Morus y Gwynt….

Morus y Gwynt ac Ifan y glaw,

Daflodd fy nghap i ganol y baw!”

Morus the wind and Ifan the rain blew my cap into the middle of the dirt….This couplet has been recited to young children in Wales for generations. Naming the notorious winter weather isn’t new here. But now the trend for naming storms has reached the UK and storm Desmond was the latest.

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A moment of clarity….Wales. Home. The calm before the storm.

Wreaking havoc in places like Cumbria, where the towns of Keswick and Carlisle are now dealing with the aftermath of flooding, farms are struggling to manage livestock and businesses as their land and stock lies submerged. And it’s happening time, after time, after time…

People are losing posessions, irreplacable belongings but more importantly, they are losing the sense of security that a home brings. Knowing that shutting the door on the weather isn’t always going to guarantee safety anymore. Farmers are losing animals that they have raised, cared for, invested in, they are losing feed stock leaving them unable to provide for the animals that were able to reach safety, they are losing money when they have no produce to sell on. And it happens so quickly, a few hours of a passing storm and when the storms blows itself out, it takes a lot of security and certainty with it.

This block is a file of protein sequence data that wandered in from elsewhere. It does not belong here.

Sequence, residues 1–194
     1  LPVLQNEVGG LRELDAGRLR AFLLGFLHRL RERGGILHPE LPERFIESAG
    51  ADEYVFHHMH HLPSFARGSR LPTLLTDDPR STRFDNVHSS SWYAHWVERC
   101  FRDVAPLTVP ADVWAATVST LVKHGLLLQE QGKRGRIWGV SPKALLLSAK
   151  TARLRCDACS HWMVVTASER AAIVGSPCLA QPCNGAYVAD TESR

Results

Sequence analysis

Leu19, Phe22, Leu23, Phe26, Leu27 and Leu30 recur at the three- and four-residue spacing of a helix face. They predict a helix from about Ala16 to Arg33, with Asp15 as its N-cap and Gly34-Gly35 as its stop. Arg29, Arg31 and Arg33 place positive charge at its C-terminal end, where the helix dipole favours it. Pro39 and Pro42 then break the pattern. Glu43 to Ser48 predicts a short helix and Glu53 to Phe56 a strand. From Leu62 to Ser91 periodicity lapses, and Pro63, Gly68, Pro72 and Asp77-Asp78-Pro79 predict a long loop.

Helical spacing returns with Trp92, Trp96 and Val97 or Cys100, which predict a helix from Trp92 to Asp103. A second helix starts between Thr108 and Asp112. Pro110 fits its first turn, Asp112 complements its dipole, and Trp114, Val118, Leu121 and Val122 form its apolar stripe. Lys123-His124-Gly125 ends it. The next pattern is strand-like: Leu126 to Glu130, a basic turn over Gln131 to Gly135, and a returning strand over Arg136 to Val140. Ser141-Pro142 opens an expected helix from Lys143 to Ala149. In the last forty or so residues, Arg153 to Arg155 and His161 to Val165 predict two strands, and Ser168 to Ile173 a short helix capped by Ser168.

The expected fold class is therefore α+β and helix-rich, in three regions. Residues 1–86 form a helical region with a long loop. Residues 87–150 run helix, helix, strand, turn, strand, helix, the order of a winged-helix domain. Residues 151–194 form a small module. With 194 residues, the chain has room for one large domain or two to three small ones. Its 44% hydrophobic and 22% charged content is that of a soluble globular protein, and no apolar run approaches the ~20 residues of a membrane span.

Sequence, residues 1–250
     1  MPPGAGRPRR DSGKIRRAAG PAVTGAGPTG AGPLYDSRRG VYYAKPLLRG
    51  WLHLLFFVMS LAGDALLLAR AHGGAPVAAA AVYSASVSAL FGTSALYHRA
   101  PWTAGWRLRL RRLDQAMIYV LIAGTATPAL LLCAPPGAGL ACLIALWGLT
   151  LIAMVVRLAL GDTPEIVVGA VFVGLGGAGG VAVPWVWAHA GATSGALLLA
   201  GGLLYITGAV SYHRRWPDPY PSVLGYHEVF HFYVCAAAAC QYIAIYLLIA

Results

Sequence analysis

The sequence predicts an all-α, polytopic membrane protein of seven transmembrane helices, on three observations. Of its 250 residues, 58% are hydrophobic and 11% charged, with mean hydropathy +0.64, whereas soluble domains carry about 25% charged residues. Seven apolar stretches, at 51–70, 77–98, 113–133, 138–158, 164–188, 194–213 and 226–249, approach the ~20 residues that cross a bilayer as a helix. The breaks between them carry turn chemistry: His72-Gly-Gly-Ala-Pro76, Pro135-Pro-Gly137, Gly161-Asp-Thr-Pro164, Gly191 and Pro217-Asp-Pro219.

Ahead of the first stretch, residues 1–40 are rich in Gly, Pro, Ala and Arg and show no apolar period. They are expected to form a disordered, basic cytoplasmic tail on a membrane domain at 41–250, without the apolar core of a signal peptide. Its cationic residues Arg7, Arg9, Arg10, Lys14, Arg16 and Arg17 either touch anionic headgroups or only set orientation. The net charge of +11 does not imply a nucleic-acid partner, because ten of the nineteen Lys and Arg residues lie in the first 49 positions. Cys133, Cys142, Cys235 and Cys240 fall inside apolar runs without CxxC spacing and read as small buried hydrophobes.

Communities rally round. Doors are opened and beds are offered to those who can’t go home. Spare clothes, toys for the kids, hot mugs of tea, shoulders to cry on. Neighbouring farms open their barns to animals who can’t make it home, share their stock to feed a neighbours flock, lend machinery, spend time helping the farmer who needs to rebuild fences, clear out barns, replant his crop.

It’s the same the world over. Humans come together and help each other out when it’s them versus Nature. Risking lives to save lives. Because in the grip of Nature’s force, all we can do is cling to each other and hope it will pass quickly, hope that there will be something left to rebuild.

As a nation, the British are obssessed with weather. We are known for it. We complain when it’s too hot, too cold, too wet, too windy. We use it as a topic to break the ice in social situations. Because we never really know what’s coming in from the Atlantic. Or Siberia. Or the Sahara. Now we’re naming it as if it won’t make it seem quite so alien. ‘Oh, that? That’s just Desmond hammering at the door and ripping the roof off.’